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220505 | Prices at 'value brand' Tory minister's family farm shop dwarf supermarket rates George Eustice is 'trustee of family'

Prices at 'value brand' Tory minister's family farm shop dwarf supermarket rates

George Eustice is a 'trustee of a family discretionary will trust which owns shares' in a Cornish fruit and veg farm - which sells products at higher rates than supermarkets

George Eustice
George Eustice said people should buy supermarket value brands to survive the cost of living crisis (
Image: Getty Images)

Prices at a farm shop partly owned by the family of Tory MP George Eustice dwarf supermarket rates, The Mirror can reveal.

The Environment Secretary, 50, is “a trustee of a family discretionary will trust which owns shares” in a 28-acre Cornish fruit and veg farm, according to the Register of MPs’ Interest.

There is a huge gulf in price between produce sold in his family Trevaskis Farm shop - and own brand goods on supermarket shelves.

At Trevaskis Farm in Hayle, a 250g pack of fresh Pasta Co fusilli is £1.95 compared with 300g of Tesco fusilli for £1.

A 160g jar of Casalinga Basil Pesto is £3.40; Morrisons own brand green pesto is £1.

A 220g jar of Casalinga chargrilled sun dried tomatoes is £4.19 compared with £2.65 for Tesco’s 225g own brand. Sainsbury’s sells 145g of “intense marinated anchovies” for £3; at Trevaskis, 110g of anchovies in sunflower oil is £5.45.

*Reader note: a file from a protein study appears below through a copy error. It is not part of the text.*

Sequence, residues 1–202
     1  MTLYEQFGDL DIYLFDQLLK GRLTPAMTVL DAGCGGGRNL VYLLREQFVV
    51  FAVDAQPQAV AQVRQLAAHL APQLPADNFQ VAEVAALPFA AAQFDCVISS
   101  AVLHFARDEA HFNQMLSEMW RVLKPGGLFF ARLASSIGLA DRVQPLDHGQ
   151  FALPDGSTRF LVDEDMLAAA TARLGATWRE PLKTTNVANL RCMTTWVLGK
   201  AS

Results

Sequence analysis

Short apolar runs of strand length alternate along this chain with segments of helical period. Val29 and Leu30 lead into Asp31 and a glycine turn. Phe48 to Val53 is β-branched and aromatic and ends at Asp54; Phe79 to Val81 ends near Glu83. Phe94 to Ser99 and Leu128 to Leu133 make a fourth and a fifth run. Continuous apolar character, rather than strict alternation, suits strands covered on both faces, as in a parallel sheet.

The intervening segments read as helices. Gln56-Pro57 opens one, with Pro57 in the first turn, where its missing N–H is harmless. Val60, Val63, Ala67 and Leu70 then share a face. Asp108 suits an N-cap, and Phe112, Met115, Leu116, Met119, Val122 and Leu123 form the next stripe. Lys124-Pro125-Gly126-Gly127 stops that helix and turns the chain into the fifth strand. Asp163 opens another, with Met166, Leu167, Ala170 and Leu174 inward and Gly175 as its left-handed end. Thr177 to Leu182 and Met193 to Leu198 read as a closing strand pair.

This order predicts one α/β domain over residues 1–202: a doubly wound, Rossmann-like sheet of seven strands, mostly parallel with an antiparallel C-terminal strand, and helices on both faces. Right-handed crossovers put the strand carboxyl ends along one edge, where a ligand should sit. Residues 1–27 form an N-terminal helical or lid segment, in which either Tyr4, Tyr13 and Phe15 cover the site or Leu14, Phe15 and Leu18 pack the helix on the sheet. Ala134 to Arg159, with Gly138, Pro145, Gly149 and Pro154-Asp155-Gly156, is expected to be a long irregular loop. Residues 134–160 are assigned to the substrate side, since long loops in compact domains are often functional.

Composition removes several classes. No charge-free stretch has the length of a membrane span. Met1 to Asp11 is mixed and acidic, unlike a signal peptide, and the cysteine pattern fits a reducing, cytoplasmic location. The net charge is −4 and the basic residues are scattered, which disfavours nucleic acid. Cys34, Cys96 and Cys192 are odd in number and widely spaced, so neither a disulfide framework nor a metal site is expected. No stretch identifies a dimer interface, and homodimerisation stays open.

The shop sells pasta for £2.49 The shop sells pasta for £2.49

Mr Eustice worked on the farm before entering politics, rising to become David Cameron ’s press secretary when the Tories were in opposition.

He was elected MP for Camborne and Redruth in 2010 before being elevated to the Cabinet in February 2020.

Today, the minister claimed hard-up families should switch to supermarket value brands to survive the cost-of-living crisis.

Mr Eustice urged cash-strapped households to buy cheaper products.

He also gaffed when he called a 77-year-old council house-dwelling widow named Elsie, “Elsa”. Elsie told ITV she rode on a bus all day to avoid heating her home.

Tesco sells tagliatelle for 75p Tesco sells tagliatelle for 75p

Mr Eustice told Sky News: “What would my advice be to Elsa (sic)?

“Well, my advice would be that, you know, not to stay on a bus all day to try and stay warm.

“My advice would be to seek some support from the local authority.”

Privately-educated Mr Eustice, who attended fee-paying Truro School in Cornwall - where parents of day pupils splash £15,585 a year on their child’s education - carried on dispensing advice on how struggling households could weather the storm.

“We have a very, very competitive retail market with 10 big supermarkets and the four main ones competing very aggressively, particularly on some of the lower-cost, everyday value items for households, so things like spaghetti and ambient products - there’s a lot of competition to keep those prices down,” he urged.

Susanna Reid interviewed Prime Minister Boris Johnson on GMB on Tuesday Susanna Reid interviewed Prime Minister Boris Johnson on GMB on Tuesday (